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June 26, 2019

Discover: The Food of the Lower East Side


There’s no doubt that downtown is home to some of the most vibrant theaters, clubs, shopping streets and restaurants in the city. In fact, finding great restaurants in downtown NYC can be as simple as taking a walk outside and stopping at the first place that catches your eye. But the food of the Lower East Side has a special story. Located just a twelve minute cab ride from The Wagner, the neighborhood of the Lower East Side is rich in cultural and culinary history.


During the turn of the 20th century, the Lower East Side was the first stop for many immigrants from Europe and elsewhere who were escaping famine, persecution and pogroms back home. The area quickly became a melting pot of languages, cultures and of course, food. Today, residents and visitors can still get a taste of those cultures at the popular restaurants, delis and shops that preserve the neighborhood’s culinary history.


Pastrami on Rye at Katz’s Delicatessen

These days, Katz’s Delicatessen is most popularly known for playing host to the infamous “I’ll have what she’s having” scene from the movie When Harry Met Sally. Plenty of fans continue to visit this historic deli to relive the comic brilliance of Meg Ryan and Billy Crystal, but Katz’s history goes far beyond the 1989 shooting of the film. The Iceland brothers first opened the deli in 1888 and were later joined by namesake Willy Katz in 1903. Over the next hundred years, Katz’s Delicatessen has continued to serve as a go-to destination for Jewish deli foods like corned beef, pastrami, pickles and more. While most of the delis of that time have since closed up shop, Katz’s remains a legendary staple of the neighborhood. Go back in time with an order of their pastrami on rye – and don’t forget the celery soda.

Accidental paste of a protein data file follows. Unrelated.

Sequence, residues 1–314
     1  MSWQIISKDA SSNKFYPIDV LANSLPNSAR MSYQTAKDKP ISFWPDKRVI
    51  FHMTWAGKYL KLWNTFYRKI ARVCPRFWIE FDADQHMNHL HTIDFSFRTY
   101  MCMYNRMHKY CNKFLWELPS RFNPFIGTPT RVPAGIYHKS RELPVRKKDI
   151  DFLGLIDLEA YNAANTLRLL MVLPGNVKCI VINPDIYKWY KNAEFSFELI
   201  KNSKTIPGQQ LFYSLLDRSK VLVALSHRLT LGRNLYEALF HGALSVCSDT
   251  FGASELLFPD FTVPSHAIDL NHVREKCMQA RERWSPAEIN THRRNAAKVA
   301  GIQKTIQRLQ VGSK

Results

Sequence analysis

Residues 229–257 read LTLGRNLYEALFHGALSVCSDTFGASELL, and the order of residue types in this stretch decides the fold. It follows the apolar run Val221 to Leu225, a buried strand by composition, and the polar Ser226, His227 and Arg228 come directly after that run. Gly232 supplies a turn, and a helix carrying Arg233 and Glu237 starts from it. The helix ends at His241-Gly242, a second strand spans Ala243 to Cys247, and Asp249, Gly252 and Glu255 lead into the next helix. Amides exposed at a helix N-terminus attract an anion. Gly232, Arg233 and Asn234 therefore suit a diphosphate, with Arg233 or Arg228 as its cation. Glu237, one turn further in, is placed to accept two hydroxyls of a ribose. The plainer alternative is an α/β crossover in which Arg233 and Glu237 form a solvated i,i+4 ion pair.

Pork and Chive Dumplings at China North Dumplings

While many associate the history of the Lower East Side with the history of the Jewish community in New York, Chinese immigrants have called the area home since before the Civil War. For this reason, you can find a host of historic and authentic Chinese restaurants in the area and of course the neighboring Chinatown. China North Dumplings is a hidden eatery that’s everything you’d hope it to be: unassuming and delicious. With no sign to identify its location, only true dumpling fans make it to this Lower East Side gem. For just $3, you can savor a plate of 10 of their signature pan-fried pork and chive dumplings.

Onion Bialy at Kossar’s

Kossar’s has been baking their legendary bialys since 1936. If you’ve never tried one, bialys are similar to bagels, but chewier and lighter and with no hole in the middle. Traditionally baked with roasted onion or garlic at the center, they’re like soft, salty bread pillows. In Yiddish, the word “bialy” literally means “little bread from Bialystok”, or the town in Poland where the treat was first created. Today, Kossar’s is the oldest remaining bialy bakery in the United States. Visit for the classic onion bialy or the more contemporary sun dried tomato and pesto bialy. Either way, you’ll be taking a bite of history.

Hot Soppressata Sandwich at Regina’s Grocery

While the storefront at Regina’s Grocery might not be historic, their menu of made-to-order sandwiches and specialty grocery items pays homage to the Italian community of the Lower East Side. For sandwiches, our current favorite is the Uncle Chubby with hot soppressata, fresh mozzarella and roasted red pepper on stirato bread. Or, if you’re looking for some classic pantry items, try the imported spaghetti from Pastosa or Regina’s own spicy Calabrian chili spread.